Q My question was are you as well placed. Would you accept you are not as well placed to speak to-
It is clear that Dr Mercier accepted he was outclassed when he didn’t even wait to hear the whole of the last question. He clearly was the wrong expert.
There was then discussion of the Bolam test, yet “That is the test that Dr Mercier is purporting to apply when he gives evidence before the court in relation to a claim of dental negligence. It is right that at no point in any of his written or oral evidence did he himself refer to that test.”
You will recall that the Bolam test asks the expert to say what, in his opinion, the reasonably competent professional would have done in the circumstances. By failing to make reference to Bolam, one must question whether Dr Mercier knew what was the fundamental test he was expected to apply to the evidence.
4 The judge’s view of the expert
There are disparaging remarks by the judge, such as:
“The report itself reaches wholly unsustainable conclusions.”
“…what he does not do is address his mind in any way to the standards to be applied to an oral and maxillofacial surgeon.”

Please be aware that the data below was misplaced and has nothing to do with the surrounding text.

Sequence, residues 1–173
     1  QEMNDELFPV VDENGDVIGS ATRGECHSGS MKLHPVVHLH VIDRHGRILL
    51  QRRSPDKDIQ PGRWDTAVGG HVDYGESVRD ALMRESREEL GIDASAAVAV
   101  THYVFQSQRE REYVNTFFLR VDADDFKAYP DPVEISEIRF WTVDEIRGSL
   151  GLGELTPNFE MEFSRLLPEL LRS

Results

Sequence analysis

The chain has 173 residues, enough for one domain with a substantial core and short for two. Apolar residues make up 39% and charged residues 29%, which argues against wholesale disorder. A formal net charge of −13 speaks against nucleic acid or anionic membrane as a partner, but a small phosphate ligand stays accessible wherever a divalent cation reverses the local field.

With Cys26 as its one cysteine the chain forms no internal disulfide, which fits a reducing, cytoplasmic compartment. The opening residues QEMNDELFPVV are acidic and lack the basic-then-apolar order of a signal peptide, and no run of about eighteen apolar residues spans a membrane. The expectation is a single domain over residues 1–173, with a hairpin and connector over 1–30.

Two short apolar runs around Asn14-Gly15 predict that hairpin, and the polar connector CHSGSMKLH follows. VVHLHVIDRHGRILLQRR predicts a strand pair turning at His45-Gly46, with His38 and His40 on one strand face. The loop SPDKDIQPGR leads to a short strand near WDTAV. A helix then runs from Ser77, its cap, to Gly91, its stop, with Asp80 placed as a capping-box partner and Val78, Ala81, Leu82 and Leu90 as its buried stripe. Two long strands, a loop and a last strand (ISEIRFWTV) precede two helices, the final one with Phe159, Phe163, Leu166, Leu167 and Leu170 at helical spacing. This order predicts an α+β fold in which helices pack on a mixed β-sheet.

“Dr Mercier’s witness statement it seems to me entirely misses the point.”
“His opinion fluctuates to whatever he feels will win the case.”
“Dr Mercier’s evidence is simply absurd and his inability to recognise that is extremely concerning.”
There is more, but you get the picture. It’s all damning stuff.
5 The outcome
It was clear which way the judge was thinking. Two sentences say it all:
“The application before me is predicated on the specific assertion that it should have been obvious to Dr Mercier at the outset, and at various stages throughout the proceedings, that he was not the appropriate expert to opine on the management and treatment afforded to the claimant on 8 November 2016.” and
“I conclude that Dr Mercier has shown a flagrant reckless disregard for his duties to the court and that he did so from the outset in preparing a report on subject matter in which he has no expertise.”